On the 6th of June, Harry Potter’s J.K. Rowling launched herself at the transgender community. Her tweets, pictured here,
were a sarcastic response to an article speaking about “people who menstruate”, a term that includes transgender men and non-binary people assigned female at birth. The tweets and her subsequent essay explaining her thoughts have since sparked outrage from the transgender and cisgender community, fans of Harry Potter and non-fans alike. Some have responded that they will burn their Harry Potter books. I won’t be doing that, because, these worlds, these characters, this magic, was loaned to her. They were not her creation. She can’t take the magic away from me.
I grew up in the days when you could enter the magical world of a book, crawl between its pages and live there. I grew up in the days when authors were just the small name on the cover. When they weren’t people because they weren’t real. Not as real as the friends I made in that book. Because there was no internet. Because authors didn’t have their own stories. Who knows the story of Carolyn Keene, Franklin W. Dixon? How many of you even know who they are? But if I said Nancy Drew and the Hardy Boys you remember those girls – Nancy, George and Bess – and those boys – Frank and Joe – because they were your friends. You loved them. They took you to places you’d never been. You did things you’d never done before with them. You felt things you’d never felt before then with them. Their dreams, heartaches, triumphs were yours. Their safe world where the baddies got what was coming to them made your world where the baddies were your neighbour, your friend, your parents, made that topsy-turvy world of yours more bearable because you could leave it. It wasn’t Keene or Dixon who did that. It was Nancy, George, Bess, Frank and Joe.
So imagine a world where one of those baddies is the creator of your favourite friends, your preferred world, a people and place that made you feel safe in an unsafe world.
I was abused at the age of three. I had a mother who was too broken to nurture. I lived in a house where I was not wanted or loved until I could speak. I had a father who was an alcoholic and a womaniser, and a man who had no boundaries when it came to loving his little girl. So those peoples and places where baddies were conquered made my world livable.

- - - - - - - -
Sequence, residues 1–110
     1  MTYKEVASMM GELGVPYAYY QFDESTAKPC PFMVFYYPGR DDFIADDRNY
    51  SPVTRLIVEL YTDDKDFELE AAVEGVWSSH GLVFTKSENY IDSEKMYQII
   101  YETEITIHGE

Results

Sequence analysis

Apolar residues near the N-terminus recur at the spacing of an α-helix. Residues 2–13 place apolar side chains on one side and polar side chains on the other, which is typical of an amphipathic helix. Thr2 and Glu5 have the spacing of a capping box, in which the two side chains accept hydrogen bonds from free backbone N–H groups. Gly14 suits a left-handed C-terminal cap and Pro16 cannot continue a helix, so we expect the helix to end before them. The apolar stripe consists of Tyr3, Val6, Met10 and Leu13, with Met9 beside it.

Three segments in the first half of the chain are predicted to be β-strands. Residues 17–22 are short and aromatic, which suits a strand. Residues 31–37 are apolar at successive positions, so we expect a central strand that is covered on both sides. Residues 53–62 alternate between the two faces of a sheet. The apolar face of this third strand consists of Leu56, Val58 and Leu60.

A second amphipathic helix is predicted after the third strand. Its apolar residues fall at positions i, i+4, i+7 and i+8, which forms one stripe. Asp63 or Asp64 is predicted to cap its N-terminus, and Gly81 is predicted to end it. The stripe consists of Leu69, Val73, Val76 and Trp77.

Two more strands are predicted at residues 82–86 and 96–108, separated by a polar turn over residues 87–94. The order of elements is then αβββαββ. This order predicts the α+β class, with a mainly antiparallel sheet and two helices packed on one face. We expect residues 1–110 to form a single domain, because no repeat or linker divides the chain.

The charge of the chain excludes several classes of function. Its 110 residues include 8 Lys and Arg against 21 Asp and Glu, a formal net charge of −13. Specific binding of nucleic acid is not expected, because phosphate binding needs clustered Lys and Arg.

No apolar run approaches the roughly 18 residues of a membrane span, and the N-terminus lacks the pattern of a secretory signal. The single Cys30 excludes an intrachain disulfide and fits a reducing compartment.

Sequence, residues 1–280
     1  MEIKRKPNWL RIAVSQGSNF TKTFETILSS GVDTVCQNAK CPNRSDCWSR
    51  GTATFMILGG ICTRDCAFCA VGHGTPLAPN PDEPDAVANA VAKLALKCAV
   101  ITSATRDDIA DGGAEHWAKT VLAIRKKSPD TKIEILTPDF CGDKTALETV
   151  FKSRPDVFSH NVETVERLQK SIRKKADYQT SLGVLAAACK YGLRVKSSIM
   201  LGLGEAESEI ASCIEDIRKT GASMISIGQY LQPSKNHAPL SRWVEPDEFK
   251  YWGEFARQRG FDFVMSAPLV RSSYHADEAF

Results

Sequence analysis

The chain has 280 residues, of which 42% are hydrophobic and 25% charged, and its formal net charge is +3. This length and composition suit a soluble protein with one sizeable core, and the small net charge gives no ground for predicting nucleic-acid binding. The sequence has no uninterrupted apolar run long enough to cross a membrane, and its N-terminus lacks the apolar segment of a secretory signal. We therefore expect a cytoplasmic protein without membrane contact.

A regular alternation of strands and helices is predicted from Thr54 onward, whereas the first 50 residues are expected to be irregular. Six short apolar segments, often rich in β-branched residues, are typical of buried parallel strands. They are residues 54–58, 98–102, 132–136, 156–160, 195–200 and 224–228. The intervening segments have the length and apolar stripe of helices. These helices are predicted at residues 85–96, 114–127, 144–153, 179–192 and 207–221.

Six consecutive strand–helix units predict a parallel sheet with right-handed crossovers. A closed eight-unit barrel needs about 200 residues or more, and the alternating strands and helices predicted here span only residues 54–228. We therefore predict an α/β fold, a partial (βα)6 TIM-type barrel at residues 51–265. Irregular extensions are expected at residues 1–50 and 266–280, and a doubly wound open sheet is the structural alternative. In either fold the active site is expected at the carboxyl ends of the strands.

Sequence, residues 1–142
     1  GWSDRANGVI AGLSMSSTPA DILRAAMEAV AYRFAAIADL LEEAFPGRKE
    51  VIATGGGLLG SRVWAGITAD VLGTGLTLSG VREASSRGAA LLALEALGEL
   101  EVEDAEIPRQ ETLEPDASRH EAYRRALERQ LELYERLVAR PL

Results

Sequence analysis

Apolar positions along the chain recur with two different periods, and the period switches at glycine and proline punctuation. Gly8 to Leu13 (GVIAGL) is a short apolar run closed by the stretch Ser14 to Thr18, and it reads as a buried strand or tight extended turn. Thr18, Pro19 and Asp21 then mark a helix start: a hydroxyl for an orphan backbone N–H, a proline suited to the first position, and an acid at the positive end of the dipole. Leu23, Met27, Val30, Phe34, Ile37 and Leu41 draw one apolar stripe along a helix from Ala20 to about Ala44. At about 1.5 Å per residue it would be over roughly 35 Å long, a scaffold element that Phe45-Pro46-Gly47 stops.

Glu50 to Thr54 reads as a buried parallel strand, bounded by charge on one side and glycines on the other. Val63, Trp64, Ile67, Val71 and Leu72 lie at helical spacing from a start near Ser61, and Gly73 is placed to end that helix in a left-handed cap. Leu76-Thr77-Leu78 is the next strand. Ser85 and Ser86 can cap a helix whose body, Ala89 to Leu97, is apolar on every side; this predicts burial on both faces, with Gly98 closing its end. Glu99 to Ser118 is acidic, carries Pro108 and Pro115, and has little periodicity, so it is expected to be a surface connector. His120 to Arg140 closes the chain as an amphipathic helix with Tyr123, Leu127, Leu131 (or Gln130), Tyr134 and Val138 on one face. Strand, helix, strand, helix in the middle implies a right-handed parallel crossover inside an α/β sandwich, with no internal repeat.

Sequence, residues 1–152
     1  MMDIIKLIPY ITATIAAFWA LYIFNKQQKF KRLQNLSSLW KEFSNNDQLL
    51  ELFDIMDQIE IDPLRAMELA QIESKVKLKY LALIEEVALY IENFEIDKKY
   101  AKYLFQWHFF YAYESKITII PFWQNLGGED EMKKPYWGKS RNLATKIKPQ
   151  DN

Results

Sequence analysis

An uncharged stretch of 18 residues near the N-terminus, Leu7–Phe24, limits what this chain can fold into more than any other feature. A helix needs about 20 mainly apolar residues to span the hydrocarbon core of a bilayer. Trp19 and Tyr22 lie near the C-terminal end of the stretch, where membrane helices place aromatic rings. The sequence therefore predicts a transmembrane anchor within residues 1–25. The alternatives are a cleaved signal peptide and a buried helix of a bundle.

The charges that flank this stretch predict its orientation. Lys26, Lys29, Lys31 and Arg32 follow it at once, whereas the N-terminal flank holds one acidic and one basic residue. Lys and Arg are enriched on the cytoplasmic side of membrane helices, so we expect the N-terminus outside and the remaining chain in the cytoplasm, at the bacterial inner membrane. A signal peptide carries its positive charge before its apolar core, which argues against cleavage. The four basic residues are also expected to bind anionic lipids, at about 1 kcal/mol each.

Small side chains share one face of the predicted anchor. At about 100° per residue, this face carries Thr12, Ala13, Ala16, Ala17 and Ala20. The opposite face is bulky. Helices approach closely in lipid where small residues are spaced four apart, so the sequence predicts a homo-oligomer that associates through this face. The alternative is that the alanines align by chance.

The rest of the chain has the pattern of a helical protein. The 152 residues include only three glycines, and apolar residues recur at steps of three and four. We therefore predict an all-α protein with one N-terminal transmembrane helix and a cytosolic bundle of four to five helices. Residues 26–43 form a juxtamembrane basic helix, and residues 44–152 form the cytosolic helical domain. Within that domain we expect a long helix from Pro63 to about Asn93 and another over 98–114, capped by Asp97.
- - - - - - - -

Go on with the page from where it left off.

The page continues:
The topsy-turviness of my world followed me into my adulthood. I was abused seven or eight more times. My mother’s brokenness became entrenched in newfound ways to actively non-nurture me. My father’s Christianity-fuelled sobriety lapsed and his boundariless loving became more enmeshed with my body. A whirlwind of depression that has stormed for 23 years or more blew me down to the point where I had to be hospitalised 14 times in the horrorshow that is public psychiatric healthcare. I had to come out as lesbian, then genderqueer, then transgender, then pansexual and then gay because the world doesn’t have enough narratives to make coming out a moot point. I have had to deal with micro- and macro-aggressions for my sexuality and gender instead. Parts of me have been raped. Parts of me have been maimed. Parts of me have been mutilated. Parts of me have been murdered.
You could, I suppose, attribute the murders to the fact that I stopped believing in fairy-tales. The slack-jawed, gaping-eyed sense of wonderment and awe at the prince and the princess and the pea and the apple and the witch were replaced by a more sophisticated lexicon of adulthood consisting of the vocabulary of disillusionment, the words of negation, the morphemes of cynicism and the phonemes of pain. But I’d like to think I suspended disbelief. I continued to read. I continued to want to believe in a world where everything was right side up where the baddies got what they deserved. And I found that world in Harry Potter.
I was working in the children’s section of Exclusive Books when Harry and his friends joined the world, and I saw the 100s of authors inspired by Harry who have written books that I wish had been written when I was young. But I revelled in these stories and worlds and characters even as an adult, especially as an adult. Here again was a world that I could believe in. The raped, maimed, mutilated and murdered parts of me started to heal because of the ability those books had to transport me back to my childhood and that childlike awe and wonder and, above all, safety.
Hogwarts was a non-topsy turvy world. The baddies didn’t always get what they deserved. The baddies were in some cases actually goodies. The baddies had backstories that enabled you to empathise with them. And the power of love always won out. Hogwarts remained a safe space despite these complexities. Hogwarts became for me, like adulthood, a place where the complexities of the interrelationship between badness and goodness were seen, acknowledged and celebrated. The baddie is sometimes a goodie; the goodie is sometimes a baddie. This is fucking healing. This is magic.
So while the author of this magic lacks the imagination to hold these complexities in her mind, I will not let her erasure of me as a person who menstruates, a person who mourns because our trans lives are being raped, maimed, mutilated and murdered, stop me from accessing that magic, that healing. Because I will not be erased. And neither will the magic.